The trustees and staff of the National Humanities Center mourn the passing of Steven Marcus, one of the Center’s founders, on Wednesday, April 25th. He was 89.
Steven was instrumental in the conception and realization of the Center, and his intellectual leadership and continuous devotion helped nurture and guide the Center for most of the past 40+ years.
After Morton Bloomfield, Gregory Vlastos, and Meyer Abrams persuaded the American Academy of Arts and Sciences to explore the feasibility of establishing a freestanding institute for advanced study in the humanities, the Academy invited Marcus to join the discussions, and, in 1974, he assumed the duties of director of planning for the institution. In early 1976, when the National Humanities Center was incorporated, Steven Marcus became chairman of the executive committee of the Center’s board, a role he held until 1980 when he stepped down to enter the fellowship competition for the class of 1980–81. At the end of his two years as a Fellow, Steven returned to Columbia University but revisited the Center in the summers of 1985, 1986, and 1987 to lead summer institutes for high school teachers, the Center’s first forays into professional development for teachers. In 1988, Steven rejoined the Center’s board, serving as chairman of the Scholarly Programs committee and eventually as vice chairman of the Board until 2013 when he was elected a trustee emeritus.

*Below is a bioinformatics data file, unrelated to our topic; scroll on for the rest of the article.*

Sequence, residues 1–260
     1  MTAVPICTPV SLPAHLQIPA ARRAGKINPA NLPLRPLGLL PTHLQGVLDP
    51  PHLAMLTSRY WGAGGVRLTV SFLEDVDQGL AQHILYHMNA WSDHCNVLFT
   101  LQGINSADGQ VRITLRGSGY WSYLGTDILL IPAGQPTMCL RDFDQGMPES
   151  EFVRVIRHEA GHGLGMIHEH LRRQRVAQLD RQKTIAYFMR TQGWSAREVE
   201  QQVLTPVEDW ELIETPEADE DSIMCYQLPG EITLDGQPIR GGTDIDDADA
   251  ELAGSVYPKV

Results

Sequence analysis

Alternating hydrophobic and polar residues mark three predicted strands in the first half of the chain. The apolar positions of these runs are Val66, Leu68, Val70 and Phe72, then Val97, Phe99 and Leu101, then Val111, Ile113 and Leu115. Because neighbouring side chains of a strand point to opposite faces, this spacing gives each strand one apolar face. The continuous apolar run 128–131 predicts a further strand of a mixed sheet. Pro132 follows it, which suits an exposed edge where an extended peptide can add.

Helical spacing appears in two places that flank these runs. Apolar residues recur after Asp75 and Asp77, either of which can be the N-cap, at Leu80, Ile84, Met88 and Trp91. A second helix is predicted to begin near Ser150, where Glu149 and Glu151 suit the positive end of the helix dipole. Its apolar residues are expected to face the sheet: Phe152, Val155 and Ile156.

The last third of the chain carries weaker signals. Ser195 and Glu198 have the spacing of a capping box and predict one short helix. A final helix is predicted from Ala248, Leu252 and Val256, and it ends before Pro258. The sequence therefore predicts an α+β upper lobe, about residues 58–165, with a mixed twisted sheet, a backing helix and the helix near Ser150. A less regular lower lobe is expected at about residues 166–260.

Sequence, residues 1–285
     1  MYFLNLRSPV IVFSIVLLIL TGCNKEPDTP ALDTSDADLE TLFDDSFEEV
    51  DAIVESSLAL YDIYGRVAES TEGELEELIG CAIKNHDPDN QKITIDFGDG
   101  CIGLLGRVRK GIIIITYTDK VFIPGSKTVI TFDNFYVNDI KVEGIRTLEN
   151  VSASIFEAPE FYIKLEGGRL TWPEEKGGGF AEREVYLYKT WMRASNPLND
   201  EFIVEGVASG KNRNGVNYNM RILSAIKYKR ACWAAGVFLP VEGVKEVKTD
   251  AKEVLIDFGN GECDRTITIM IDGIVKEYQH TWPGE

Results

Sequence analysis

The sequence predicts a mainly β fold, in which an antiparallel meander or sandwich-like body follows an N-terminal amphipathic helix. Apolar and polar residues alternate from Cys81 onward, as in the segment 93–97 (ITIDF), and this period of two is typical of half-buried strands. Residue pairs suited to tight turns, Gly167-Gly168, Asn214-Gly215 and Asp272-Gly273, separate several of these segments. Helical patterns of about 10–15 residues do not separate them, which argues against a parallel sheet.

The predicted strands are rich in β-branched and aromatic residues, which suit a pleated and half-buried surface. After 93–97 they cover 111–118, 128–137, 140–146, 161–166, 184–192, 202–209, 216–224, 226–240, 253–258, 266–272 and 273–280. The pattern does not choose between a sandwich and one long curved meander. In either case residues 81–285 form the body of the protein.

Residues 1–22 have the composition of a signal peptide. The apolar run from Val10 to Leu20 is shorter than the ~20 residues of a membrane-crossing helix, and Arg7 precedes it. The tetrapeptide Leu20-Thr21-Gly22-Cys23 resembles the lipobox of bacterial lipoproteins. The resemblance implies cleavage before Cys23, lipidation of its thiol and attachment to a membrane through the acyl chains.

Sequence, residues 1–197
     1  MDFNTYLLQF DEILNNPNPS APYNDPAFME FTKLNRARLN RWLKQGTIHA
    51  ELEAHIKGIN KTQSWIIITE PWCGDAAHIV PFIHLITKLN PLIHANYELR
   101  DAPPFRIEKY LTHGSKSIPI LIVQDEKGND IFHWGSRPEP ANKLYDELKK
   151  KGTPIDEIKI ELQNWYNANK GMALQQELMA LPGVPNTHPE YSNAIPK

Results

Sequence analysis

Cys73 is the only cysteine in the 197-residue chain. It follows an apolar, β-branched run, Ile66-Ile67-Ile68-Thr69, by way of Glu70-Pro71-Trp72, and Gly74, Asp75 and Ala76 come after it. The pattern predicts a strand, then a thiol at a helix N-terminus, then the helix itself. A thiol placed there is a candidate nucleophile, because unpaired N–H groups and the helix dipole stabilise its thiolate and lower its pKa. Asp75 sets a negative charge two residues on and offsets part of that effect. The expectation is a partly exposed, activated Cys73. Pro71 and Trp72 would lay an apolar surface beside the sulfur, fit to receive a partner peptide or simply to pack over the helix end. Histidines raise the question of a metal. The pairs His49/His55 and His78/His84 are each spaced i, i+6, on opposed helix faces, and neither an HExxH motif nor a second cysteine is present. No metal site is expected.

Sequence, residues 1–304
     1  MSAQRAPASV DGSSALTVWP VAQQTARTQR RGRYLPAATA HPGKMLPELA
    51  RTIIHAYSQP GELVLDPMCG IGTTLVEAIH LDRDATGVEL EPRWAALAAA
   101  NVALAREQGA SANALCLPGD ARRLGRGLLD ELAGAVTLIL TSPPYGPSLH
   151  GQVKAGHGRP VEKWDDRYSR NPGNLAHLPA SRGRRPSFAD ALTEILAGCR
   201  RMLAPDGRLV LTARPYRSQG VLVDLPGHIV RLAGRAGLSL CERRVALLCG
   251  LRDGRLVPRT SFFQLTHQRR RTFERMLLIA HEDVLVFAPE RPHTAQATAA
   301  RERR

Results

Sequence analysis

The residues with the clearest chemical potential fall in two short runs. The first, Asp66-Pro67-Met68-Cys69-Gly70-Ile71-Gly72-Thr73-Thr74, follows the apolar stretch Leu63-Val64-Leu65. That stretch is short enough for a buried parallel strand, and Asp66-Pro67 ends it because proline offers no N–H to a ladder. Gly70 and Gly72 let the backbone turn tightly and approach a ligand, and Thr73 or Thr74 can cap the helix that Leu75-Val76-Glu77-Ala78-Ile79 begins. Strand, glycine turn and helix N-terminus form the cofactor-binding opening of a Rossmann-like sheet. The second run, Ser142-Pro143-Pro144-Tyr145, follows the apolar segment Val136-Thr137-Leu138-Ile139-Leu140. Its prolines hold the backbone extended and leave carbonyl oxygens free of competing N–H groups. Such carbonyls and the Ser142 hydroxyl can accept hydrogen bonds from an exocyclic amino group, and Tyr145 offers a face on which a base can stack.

Beyond his importance to the Center, Steven Marcus was an influential literary critic and professor at Columbia University where he taught from 1956 until 1994. His work on nineteenth-century literature and culture, including over 200 publications, continues to shape thinking in the field. Some of his most notable works include Dickens From Pickwick to Dombey; The Other Victorians; Engels, Manchester and the Working Class; Freud and the Culture of Psychoanalysis; and Representations: Essays on Literature and Society.
A memorial service is being planned to take place at Riverside Memorial Chapel. Details to be announced.